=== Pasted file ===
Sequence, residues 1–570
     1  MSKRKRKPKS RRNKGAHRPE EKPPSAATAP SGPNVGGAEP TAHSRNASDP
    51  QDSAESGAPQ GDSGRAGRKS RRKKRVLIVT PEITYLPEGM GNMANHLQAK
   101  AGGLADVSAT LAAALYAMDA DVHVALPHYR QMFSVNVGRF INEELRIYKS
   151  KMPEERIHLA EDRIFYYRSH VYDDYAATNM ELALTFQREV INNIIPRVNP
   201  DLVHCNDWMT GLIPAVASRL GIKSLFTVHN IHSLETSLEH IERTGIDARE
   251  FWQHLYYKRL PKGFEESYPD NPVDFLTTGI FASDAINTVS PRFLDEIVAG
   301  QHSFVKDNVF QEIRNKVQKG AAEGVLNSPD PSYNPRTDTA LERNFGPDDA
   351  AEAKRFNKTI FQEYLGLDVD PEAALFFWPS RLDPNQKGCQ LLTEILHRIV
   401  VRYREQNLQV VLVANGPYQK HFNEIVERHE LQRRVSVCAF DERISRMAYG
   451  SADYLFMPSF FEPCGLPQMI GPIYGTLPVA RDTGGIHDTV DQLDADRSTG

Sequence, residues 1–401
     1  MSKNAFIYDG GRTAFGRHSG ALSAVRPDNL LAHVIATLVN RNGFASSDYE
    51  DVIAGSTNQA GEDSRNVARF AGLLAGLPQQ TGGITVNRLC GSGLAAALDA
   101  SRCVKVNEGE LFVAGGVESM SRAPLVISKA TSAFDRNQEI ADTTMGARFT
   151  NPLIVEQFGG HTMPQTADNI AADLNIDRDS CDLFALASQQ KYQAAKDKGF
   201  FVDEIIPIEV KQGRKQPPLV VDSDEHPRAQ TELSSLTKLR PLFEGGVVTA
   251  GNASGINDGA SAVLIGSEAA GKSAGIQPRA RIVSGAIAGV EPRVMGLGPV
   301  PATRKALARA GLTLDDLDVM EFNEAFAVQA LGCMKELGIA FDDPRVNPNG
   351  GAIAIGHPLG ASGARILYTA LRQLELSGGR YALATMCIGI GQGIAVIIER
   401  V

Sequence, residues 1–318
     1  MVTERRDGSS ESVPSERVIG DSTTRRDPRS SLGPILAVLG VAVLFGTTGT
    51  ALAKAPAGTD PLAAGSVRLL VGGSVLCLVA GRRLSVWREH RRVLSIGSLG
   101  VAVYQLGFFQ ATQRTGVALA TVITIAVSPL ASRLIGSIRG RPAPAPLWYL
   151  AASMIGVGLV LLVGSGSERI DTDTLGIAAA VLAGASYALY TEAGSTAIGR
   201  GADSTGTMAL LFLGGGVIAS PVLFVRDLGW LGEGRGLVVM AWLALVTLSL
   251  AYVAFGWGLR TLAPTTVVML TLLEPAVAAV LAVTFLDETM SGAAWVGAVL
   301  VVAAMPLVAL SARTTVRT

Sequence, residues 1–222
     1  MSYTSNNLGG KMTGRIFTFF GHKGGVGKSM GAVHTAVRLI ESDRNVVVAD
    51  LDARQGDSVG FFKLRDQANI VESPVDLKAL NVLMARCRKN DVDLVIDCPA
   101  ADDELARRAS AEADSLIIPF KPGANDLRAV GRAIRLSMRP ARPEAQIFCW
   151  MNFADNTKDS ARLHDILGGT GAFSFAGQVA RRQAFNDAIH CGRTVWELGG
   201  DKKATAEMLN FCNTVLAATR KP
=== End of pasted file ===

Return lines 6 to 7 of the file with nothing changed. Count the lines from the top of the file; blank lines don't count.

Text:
   201  DLVHCNDWMT GLIPAVASRL GIKSLFTVHN IHSLETSLEH IERTGIDARE
   251  FWQHLYYKRL PKGFEESYPD NPVDFLTTGI FASDAINTVS PRFLDEIVAG